Trimble’s upbringing was humble, as was Clinton’s. Neither were members of the upper middle classes. High expectations were not placed on either of them. Trimble was naturally endeared to the Anglican, gentlemen’s club style of the Unionist Party or the Orange Order. Indeed, his joining of both were the result more of a desire to maintain contact with the friends he had made, than out of any ideological zeal.
I suspect Trimble always knew who he was and what he was about. That is, if Trimble was going to get involved with unionist politics, then it would be where he felt he could make a louder difference. Although he was content as the intellectual backroom boy, he did apply himself in the more radical movements of the day, especially within Vanguard.
Godson appreciates this, but his interpretation is that Trimble failed to recognise that the gains he felt were crucial, e.g. securing the Union, was not appreciated by his unionist supporters as much as the starker trade-offs of early prisoner releases and Sinn Fein in government sans decommissioning.
Some may dismiss Trimble’s aloofness as a weakness of leadership, but who else within unionism was ready to challenge the British and Irish Government’s treatment of Northern Ireland, as well as combat the hitherto inadequately challenged republican interpretations of Northern Ireland government under unionism?
Godson argues that Trimble placed too much trust or deference to Tony Blair and Bill Clinton, but weak unionist leadership would not likely have prevented everything else that was afoot, e.g. the bringing in of Sinn Fein to the political mainstream. Trimble may have expected too much by wanting Clinton to apply more pressure on Sinn Fein in regards to decommissioning, because what separated Clinton from other Irish-American politicians is that Clinton wanted to help by keeping channels of communication open, rather than to try to persuade one side over another (i.e. how Protestant rights would be ensured under a united Ireland). While Trimble is not the leader of the largest unionist party anymore, he is still leader of the Ulster Unionist Party.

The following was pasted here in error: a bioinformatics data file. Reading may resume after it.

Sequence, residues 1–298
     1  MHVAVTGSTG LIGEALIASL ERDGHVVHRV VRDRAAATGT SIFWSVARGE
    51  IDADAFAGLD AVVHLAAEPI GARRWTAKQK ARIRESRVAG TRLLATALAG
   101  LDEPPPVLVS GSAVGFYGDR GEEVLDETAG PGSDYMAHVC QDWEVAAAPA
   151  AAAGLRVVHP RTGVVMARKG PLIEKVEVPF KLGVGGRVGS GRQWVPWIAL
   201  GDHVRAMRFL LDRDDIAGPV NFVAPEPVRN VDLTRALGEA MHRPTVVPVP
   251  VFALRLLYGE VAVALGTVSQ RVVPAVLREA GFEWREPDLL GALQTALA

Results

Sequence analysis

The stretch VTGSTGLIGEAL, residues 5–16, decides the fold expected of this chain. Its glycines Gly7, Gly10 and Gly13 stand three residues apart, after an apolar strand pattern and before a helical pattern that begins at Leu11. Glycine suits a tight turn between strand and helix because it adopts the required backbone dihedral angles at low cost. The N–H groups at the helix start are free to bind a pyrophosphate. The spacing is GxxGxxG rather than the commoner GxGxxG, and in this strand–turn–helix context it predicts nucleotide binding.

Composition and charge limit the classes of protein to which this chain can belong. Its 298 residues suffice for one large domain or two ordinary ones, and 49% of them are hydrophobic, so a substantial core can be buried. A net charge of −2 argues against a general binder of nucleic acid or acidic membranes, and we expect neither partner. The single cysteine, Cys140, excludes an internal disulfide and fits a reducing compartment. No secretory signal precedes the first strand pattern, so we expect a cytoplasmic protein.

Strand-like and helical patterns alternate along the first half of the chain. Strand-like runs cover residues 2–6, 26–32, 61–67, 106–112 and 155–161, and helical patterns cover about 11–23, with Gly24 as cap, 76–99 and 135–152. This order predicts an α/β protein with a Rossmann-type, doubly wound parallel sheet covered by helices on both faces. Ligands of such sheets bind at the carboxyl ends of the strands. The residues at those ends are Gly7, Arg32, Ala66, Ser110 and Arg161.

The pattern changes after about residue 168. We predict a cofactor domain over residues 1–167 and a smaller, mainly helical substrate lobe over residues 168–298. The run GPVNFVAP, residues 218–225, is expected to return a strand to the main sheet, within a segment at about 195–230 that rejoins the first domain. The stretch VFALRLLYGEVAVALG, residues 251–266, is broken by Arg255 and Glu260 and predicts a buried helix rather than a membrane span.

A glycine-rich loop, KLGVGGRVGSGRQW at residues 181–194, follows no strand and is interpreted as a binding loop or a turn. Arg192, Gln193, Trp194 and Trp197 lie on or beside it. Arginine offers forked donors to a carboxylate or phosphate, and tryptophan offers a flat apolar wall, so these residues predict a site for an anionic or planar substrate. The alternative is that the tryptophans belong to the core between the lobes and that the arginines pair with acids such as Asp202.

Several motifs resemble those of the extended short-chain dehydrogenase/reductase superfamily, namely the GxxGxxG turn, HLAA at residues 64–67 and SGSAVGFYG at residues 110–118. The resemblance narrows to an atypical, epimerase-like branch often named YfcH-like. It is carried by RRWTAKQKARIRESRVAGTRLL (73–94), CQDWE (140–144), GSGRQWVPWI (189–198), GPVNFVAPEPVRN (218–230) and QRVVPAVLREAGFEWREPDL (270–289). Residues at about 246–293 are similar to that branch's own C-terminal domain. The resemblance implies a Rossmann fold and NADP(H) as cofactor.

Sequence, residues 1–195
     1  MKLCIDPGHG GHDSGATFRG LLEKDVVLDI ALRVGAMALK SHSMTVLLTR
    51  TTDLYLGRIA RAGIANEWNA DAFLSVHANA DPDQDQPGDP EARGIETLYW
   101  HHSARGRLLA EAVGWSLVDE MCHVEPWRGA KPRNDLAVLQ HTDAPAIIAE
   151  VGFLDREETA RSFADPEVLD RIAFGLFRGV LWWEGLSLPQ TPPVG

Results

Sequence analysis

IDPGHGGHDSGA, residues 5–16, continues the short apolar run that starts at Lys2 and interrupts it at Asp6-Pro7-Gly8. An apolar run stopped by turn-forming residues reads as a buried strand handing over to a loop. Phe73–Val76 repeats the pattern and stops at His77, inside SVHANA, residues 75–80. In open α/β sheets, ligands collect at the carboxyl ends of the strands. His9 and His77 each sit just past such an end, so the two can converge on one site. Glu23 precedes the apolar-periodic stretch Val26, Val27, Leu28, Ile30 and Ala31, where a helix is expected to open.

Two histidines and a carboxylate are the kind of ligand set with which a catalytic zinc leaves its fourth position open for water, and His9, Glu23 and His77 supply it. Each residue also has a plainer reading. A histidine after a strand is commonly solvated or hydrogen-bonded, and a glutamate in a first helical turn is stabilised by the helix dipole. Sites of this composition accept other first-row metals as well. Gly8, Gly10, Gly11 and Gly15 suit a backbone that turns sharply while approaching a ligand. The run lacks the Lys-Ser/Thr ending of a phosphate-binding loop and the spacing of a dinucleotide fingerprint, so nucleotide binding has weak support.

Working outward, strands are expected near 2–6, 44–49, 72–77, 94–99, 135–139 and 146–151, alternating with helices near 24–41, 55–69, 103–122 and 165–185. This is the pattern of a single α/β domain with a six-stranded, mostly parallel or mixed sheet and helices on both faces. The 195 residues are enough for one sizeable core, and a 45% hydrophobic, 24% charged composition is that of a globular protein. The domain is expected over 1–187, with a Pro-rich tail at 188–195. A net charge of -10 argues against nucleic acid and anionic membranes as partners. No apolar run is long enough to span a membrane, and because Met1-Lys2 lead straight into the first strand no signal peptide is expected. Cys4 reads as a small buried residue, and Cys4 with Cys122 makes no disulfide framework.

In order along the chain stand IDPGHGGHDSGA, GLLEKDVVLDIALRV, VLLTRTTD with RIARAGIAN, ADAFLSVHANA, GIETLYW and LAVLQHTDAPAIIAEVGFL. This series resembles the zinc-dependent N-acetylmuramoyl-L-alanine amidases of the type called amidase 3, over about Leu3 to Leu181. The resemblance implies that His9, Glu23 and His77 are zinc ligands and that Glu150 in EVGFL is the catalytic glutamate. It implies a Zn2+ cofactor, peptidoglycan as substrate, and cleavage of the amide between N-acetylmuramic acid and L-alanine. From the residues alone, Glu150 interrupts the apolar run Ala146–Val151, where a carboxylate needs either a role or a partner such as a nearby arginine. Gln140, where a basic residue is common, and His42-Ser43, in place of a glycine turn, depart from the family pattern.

Many pundits have speculated on his departure from the UUP. Perhaps ironically, I am minded to quote Ian Paisley’s response to the same question: “It takes a long time to die.” Until someone else in the UUP is willing and able to not only articulate an intelligent riposte to republicanism, but also to be able to handle the complexities of British and Irish Government convergent attitudes to Northern Ireland, then dissatisfied unionist voters will follow the louder (but perhaps less effective?) voice, for the while. Trimble’s aloofness has cost him popularity, but who else would have been able to swim against the currents so well?
Nancy Soderberg said that the American administration (which included herself) knew little about David Trimble (p. 185). Trimble was no anti-American (he enjoyed reading Encounter, after all!), but he disliked many Irish-Americans and Soderberg especially.